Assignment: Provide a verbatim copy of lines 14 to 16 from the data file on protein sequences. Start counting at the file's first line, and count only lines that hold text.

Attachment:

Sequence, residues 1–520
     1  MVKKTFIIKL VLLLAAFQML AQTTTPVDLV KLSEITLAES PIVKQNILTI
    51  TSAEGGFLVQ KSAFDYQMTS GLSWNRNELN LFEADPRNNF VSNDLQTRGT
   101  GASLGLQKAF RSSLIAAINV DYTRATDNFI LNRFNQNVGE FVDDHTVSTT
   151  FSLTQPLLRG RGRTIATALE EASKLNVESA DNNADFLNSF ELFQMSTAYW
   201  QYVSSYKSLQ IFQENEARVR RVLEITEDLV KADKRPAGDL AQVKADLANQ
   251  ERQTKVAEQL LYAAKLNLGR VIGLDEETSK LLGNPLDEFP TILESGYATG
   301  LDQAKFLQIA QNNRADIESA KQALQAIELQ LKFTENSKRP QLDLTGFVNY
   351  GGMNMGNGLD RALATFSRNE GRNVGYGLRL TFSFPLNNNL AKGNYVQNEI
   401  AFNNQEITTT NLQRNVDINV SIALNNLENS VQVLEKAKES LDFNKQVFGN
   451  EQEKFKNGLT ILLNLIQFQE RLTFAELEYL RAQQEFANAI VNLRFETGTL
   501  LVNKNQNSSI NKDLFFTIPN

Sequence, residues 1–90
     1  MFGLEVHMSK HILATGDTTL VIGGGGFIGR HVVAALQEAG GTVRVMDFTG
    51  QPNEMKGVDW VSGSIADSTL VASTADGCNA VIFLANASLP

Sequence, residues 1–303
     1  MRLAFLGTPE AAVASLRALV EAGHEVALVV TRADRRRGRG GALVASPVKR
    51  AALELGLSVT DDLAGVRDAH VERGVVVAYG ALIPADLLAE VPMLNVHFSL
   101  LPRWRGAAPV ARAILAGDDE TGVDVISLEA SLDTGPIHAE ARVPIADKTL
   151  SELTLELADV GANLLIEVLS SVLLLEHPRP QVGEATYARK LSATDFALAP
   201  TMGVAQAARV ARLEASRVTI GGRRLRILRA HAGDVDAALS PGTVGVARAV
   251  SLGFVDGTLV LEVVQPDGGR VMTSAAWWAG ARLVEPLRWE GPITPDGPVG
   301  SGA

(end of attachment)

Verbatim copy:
     1  MFGLEVHMSK HILATGDTTL VIGGGGFIGR HVVAALQEAG GTVRVMDFTG
    51  QPNEMKGVDW VSGSIADSTL VASTADGCNA VIFLANASLP

Sequence, residues 1–303